Kelsey: Yeah. Even like I’ve been training now for now only a month, so it’s like not that much, but I have noticed that same sort of effect. It’s like I pay way more attention to the food that I’m eating in a good way, in the sense of okay, what am I eating and is this going to support the next training session that I’m going to have?
Kelsey: Yeah, you pay attention to sleep. You pay attention to stress because I know for me, if I’m really stressed out, the training doesn’t go as well. Or if I’m sort of distracted and I’m thinking about all the other things I’m stressed about, that really makes a difference for me, and of course that affects my sleep as well. All of those things kind of, you’re right, they intrinsically happen more easily because it’s not like this oh, I have to do this because it’s good for me. It’s like well, I want to do this because it’s going to support what I am spending my money on and goal that I’m going for here.
Laura: Yeah. It’s a cool experience and I really like that it has shifted my focus on diet to more of a like a performance enhancing approach, as opposed to thinking about oh I don’t want to over eat because it’s like want to lose weight, or whatever that stupidness is. It totally shifts the perspective, and I don’t know. I feel like for me, I‘m almost a year into training on a weekly basis with my coach. I just feel like in almost all areas of my life I just feel more confident, more able to take on things that are difficult, and I can stick to things better. It’s just weird.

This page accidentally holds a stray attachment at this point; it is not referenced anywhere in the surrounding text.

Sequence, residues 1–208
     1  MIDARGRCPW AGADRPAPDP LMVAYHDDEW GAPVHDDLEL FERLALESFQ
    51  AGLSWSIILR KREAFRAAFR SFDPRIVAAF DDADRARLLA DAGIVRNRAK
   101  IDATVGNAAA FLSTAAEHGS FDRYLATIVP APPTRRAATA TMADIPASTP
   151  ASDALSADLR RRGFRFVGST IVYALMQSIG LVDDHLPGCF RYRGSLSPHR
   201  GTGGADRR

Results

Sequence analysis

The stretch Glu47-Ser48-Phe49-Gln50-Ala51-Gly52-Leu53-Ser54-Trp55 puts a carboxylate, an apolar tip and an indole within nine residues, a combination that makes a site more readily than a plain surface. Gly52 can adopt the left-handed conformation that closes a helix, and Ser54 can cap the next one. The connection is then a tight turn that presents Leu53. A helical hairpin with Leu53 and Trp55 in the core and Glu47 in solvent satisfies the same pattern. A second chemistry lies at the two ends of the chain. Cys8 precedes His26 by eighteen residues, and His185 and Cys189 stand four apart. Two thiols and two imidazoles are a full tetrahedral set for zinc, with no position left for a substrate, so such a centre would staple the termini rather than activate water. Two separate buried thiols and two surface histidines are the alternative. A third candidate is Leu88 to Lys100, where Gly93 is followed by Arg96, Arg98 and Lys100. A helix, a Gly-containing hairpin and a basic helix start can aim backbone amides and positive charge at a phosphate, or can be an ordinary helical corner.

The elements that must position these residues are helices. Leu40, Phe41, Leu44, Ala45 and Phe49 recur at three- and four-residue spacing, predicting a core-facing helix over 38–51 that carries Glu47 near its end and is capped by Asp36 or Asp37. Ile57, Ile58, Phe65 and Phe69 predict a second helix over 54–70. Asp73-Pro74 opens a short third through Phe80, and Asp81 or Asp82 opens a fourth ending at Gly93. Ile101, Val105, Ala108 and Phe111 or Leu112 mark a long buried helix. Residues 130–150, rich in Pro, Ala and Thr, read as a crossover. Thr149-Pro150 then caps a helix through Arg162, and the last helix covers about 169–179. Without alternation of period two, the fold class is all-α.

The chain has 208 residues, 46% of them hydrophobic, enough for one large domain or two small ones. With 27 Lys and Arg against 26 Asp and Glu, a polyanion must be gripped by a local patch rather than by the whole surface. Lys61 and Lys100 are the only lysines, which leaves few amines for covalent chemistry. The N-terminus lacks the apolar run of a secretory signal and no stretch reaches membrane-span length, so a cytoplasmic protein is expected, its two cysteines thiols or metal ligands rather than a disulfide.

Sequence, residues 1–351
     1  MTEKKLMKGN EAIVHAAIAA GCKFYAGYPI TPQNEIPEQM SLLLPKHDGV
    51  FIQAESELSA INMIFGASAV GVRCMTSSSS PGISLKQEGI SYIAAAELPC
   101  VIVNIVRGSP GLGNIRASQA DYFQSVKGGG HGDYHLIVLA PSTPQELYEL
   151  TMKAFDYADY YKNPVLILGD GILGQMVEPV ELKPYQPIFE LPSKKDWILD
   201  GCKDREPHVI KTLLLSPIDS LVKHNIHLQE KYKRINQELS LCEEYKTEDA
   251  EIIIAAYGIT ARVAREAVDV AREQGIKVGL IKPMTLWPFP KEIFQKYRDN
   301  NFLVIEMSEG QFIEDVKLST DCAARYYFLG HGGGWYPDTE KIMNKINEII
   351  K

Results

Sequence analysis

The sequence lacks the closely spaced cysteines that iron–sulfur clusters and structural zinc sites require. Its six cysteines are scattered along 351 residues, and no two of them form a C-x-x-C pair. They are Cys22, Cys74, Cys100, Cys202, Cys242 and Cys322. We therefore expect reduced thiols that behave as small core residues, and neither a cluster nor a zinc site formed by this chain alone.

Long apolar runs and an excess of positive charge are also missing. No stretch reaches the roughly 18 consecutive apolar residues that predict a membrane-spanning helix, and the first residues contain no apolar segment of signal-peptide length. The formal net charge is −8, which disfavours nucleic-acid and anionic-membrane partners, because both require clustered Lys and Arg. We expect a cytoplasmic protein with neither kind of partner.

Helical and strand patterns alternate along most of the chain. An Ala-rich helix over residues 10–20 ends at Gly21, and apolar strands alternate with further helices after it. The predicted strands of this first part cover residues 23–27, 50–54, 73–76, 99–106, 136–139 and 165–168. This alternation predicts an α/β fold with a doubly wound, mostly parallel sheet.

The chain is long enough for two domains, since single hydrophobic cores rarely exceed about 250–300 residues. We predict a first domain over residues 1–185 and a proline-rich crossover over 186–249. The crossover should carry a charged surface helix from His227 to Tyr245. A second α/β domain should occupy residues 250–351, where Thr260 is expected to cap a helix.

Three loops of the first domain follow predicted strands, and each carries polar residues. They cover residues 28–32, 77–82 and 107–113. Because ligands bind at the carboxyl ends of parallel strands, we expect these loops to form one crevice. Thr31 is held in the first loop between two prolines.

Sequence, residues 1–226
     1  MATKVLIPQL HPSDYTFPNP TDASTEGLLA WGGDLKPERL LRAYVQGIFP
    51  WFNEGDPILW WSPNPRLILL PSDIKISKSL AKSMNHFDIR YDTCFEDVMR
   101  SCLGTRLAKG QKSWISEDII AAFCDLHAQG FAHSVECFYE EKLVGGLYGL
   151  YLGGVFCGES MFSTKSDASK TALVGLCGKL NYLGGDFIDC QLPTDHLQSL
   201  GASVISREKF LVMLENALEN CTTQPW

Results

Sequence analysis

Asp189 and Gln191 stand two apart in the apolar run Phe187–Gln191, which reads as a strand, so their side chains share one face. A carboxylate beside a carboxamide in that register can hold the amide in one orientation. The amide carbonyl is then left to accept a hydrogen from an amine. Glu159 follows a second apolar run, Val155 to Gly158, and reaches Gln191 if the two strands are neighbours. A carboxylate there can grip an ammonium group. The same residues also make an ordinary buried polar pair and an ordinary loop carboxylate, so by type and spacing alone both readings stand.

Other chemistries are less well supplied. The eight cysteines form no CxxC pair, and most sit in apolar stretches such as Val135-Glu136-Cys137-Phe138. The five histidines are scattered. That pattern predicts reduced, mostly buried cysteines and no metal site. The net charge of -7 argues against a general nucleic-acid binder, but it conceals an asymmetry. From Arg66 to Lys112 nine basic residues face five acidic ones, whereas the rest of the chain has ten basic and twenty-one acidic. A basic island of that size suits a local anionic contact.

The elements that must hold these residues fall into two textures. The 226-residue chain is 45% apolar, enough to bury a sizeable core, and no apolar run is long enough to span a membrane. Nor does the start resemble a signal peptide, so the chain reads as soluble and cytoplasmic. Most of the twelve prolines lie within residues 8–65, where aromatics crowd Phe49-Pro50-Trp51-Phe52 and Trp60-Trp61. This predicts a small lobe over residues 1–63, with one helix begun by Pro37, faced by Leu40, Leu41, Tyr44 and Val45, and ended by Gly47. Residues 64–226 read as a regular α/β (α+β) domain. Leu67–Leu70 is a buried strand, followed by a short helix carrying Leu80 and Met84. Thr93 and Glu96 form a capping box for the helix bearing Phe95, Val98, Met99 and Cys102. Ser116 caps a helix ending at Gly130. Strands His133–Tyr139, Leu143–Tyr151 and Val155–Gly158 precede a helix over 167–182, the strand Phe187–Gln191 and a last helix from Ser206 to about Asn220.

I feel like I’m doing an advertisement for Matt right now, but seriously it’s just one of those things that you look at like personal training or something as being like, oh, that’s a waste of money, I can work out on my own. But honestly, I just feel like that investment for me has been really, really good and it’s really seeped into other areas of my life. And even just physically feeling as good as I do right now from the changes that I’ve made, I’m enjoying things more, I’m able to do work more effectively, work doesn’t stress me out as much. It’s crazy. I wish everyone can do it. Honestly, it’s so empowering and being able to approach health from a how can I do this to support my passion, or my having fun, and that kind of thing is so much of a better way to look at heath than like, oh, I have to go to bed because if I don’t then I’m going to feel bad tomorrow or something. It’s like, no, I want to go to sleep so I can PR again.
Kelsey: Right, right. Exactly.